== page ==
Cupcakes and crime, and Southern Tier income
There's a commentary at Rust Wire that draws the connection between cupcakes and crime. Bear with us here:
I think it has a lot to do location of these stores and how they have become inseparable from the issue of class. Recently, an undergraduate at UC Berkeley plotted the location of cupcake stores in San Francisco against the location of gang shootings. Wouldn’t you know it? It was a match. That’s because cupcake stores were being located in rough “gentrifying” neighborhoods. I want to be very clear that I don’t think gentrification is really a problem in Cleveland or Detroit or Youngstown. The problem in these cities is concentrated poverty and vacancy. And middle-class people and their dollars should be welcomed in these cities unconditionally. Still, I feel a little guilty. It seems the go-to recipe for neighborhood revitalization in so many of our cities is these types of enterprises: boutiques, food trucks, fancy restaurants. These types of businesses have the effect of making very poor neighborhoods the sites of very conspicuous consumption.
So is the cupcake a simple of economic divide, or a talisman of progress that overshadows more significant economic contributions? Or just yummy?
Southern Tier income
My-Ly Nguyen at the Press & Sun-Bulletin has a look at income numbers for the Southern Tier, courtesy of the U.S. Bureau of Economic Analysis. Included among the findings: Broome County ranks 28th in the state for per capita income, Tompkins County comes in 32nd, and Chemung County comes in 37.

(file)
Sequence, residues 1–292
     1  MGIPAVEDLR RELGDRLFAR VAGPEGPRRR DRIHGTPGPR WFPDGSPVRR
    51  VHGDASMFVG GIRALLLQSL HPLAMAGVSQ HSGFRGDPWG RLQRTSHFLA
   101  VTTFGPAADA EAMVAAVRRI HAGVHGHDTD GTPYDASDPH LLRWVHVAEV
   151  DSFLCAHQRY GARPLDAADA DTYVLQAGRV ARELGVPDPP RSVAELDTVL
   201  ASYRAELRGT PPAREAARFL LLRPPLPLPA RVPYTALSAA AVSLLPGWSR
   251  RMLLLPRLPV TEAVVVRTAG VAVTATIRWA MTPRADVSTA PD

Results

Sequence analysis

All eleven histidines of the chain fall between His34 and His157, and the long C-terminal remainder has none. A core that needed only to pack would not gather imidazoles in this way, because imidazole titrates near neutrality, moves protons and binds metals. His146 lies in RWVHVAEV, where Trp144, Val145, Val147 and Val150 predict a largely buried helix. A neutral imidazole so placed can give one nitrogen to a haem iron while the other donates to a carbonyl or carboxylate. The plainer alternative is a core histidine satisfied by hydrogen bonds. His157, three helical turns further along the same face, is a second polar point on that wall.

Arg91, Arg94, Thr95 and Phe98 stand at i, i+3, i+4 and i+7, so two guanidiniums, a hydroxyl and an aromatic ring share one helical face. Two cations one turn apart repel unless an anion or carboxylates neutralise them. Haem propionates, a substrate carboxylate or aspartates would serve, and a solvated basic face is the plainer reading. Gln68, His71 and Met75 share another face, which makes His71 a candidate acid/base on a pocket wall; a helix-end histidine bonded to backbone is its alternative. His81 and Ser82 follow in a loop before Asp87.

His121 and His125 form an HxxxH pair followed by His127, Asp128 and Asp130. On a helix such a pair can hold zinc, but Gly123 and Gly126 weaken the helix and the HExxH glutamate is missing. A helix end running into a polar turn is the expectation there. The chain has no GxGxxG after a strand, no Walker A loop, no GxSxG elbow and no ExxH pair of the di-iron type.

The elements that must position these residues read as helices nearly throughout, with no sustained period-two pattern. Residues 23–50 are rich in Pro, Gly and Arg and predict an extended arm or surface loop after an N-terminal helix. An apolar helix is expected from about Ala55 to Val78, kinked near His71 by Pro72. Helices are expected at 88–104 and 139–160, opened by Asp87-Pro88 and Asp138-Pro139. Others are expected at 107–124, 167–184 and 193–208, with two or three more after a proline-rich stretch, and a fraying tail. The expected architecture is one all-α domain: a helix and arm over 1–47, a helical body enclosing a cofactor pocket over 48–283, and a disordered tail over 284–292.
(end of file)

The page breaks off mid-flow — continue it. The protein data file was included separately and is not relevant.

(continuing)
Rochester city planners are looking for bids for 3D modeling software to help shape the future of downtown, reports Brian Sharp at the Democrat and Chronicle:
The idea is that, with such a model, the city can better review and plan for downtown development, market the downtown to developers and businesses and work through a planned update to its center city master plan. Ultimately, the map could include underground utilities, tools for traffic and parking analysis and more. Downtown is growing faster in population than officials thought, with the 2010 Census revealing 4,430 people living inside the Inner Loop. With 632 new housing units under construction or proposed, that population is expected to grow. But it isn't housing alone. The Rochester Downtown Development Corp. tallies $646 million in announced construction, renovation or public works projects in the greater downtown area.
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